Non-silkscreen text question

I am confused about the meaning of “text” on the F.Cu layer.

The image shows the SCL text but indicates it is on layer F.Cu. I understand F.Silkscreen but what does F.Cu text mean in this context? Will the text get printed as copper etching? If not what is the function of this-- text notes for layout only? Thanks

I put “1”, “2”, “3”… on copper layers of multilayer PCBs with a window in the copper on all layers and resist so that I can inspect to see if the PCB stack up is correct. Long ago I had the manufactured layers messed up, one layer repeated and one missing. I have also seen one layer flipped. All scrapped boards.


Plus a few characters.

You should try putting text in a mask layer. Because it’s a subtractive layer the effect is lettering in the selected Cu finish, e.g. HASL, ENIG, etc. Not all combinations make sense in normal situations but sometimes can be useful.

Maybe a spy could snuggle secrets out on an inner layer that would require X-rays to read. :stuck_out_tongue_winking_eye:

Snuggling is good, just not on a PCB. :slightly_smiling_face:

You don’t know the amorous lengths to which spies will go. :stuck_out_tongue_winking_eye:

I once texted a friend about an Aldi special rice cooker sale. He texted back that his wife wouldn’t have use for a rice cooler. There are lots of hilarious but unprintable autocorrect alterations.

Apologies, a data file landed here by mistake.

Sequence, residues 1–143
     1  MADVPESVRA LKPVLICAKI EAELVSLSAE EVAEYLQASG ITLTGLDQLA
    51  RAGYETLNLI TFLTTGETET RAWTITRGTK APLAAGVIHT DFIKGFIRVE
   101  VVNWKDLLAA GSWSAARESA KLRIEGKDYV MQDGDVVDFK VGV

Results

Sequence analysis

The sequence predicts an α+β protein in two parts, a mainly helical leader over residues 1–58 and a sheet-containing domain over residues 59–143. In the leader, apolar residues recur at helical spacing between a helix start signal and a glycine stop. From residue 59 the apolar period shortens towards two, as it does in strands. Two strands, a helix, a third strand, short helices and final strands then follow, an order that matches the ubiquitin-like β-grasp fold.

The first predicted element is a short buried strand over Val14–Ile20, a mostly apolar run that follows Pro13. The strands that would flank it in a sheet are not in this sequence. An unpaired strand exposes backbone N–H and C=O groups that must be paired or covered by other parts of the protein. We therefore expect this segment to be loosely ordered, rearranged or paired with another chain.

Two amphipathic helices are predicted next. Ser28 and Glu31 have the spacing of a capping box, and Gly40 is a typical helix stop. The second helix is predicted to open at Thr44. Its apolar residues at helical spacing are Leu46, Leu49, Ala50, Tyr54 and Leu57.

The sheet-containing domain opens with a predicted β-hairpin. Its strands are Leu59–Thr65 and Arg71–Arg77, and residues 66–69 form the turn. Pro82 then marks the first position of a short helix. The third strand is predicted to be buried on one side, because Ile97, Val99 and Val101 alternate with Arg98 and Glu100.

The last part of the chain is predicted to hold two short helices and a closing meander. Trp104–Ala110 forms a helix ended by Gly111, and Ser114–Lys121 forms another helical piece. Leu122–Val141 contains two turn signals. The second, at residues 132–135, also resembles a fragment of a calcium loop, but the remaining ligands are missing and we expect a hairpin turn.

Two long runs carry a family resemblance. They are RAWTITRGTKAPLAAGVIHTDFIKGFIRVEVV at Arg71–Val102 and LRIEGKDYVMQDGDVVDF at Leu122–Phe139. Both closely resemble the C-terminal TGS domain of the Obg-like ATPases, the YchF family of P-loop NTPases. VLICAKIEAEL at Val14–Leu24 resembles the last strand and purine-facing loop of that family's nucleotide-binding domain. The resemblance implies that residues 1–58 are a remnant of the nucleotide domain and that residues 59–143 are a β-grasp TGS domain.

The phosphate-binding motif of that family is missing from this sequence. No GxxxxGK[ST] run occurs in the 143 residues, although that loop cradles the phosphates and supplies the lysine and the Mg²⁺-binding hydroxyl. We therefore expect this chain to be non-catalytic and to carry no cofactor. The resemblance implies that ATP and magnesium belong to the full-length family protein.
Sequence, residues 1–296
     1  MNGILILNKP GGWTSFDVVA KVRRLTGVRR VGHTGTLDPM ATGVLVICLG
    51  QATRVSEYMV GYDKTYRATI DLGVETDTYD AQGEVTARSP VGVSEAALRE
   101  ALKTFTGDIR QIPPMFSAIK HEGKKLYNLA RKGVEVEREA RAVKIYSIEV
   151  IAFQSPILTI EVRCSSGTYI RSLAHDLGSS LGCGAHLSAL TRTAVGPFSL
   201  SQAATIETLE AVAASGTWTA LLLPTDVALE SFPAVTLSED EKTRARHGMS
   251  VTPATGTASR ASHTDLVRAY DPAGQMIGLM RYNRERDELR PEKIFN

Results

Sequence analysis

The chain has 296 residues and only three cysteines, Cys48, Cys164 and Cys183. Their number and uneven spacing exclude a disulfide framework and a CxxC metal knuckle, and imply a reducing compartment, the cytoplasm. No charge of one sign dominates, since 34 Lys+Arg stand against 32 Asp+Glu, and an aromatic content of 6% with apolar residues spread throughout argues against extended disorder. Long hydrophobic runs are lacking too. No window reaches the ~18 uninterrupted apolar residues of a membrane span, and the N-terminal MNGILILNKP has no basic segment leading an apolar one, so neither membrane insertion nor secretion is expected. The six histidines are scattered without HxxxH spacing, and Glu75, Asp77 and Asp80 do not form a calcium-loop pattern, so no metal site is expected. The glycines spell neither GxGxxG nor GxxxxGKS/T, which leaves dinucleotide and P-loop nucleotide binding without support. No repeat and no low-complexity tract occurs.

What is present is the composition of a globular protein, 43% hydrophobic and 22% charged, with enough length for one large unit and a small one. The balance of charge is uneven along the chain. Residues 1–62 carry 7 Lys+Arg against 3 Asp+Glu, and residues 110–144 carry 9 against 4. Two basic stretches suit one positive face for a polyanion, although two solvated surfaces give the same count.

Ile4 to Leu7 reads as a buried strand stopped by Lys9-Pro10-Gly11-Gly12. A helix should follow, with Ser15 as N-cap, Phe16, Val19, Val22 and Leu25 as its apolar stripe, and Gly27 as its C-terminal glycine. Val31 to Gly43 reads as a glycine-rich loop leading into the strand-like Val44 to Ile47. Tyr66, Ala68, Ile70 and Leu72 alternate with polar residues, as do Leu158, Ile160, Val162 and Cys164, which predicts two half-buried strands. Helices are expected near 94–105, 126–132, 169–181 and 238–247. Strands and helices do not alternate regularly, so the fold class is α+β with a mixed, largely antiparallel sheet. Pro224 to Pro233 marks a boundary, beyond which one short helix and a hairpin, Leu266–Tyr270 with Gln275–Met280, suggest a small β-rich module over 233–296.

Seeing we’ve strayed off topic:

A female boss a couple of years ago left a message on my phone.
The message was “I have fill-ins for you, please phone me.”

The “smart” phone turned this to text which read: “I have feelings for you, please phone me.” :face_with_hand_over_mouth:

Next time I’ll use a synonym that autocorrect will have difficulty mangling, like say exfiltrate.

In the screenshot it’s clearly information for the connector (pin header) pins. In this way the text will be copper, and the area around it will be bare. It’s just one way to print text on the board. There are three ways to add text: copper, mask, and silk. Each one can have text as absence or presence of material. There’s nothing weird in this, and it depends on the situation what is the best way. Usually copper and mask have better resolution than silk, so the text can be smaller. Silkscreen text gets quickly unreadable when going under 0.8 mm height (or something like that). Mask or copper may be readable with, IIRC, with 0.5 mm height or something like that. Actually I have used text so small it wasn’t readable with naked eye but was with microscope. Text on copper or mask may also look “cooler”, if you want that.

Excellent reply with a useful summary of options. Thanks to all for helping.

One more question related to text…
What is “mask text” (using F.Mask)? How is this different from F.Cu text? Tradeoffs? Thanks! Al

Here is an image of the board with all 3 text types
F.Cu text top then F.Silkscreen then F.Mask text bottom. In the 3D viewer the silkscreen text is “brightest” and the F.Cu text is lightest, I know this a 3D display choice but it mislead me at first.

It might have been mentioned above already, but text on F.Mask will open up the soldermask that covers the copper. So F.Mask text on a copper plane will have the same appearance / plating as the pads of for example SMD footprints.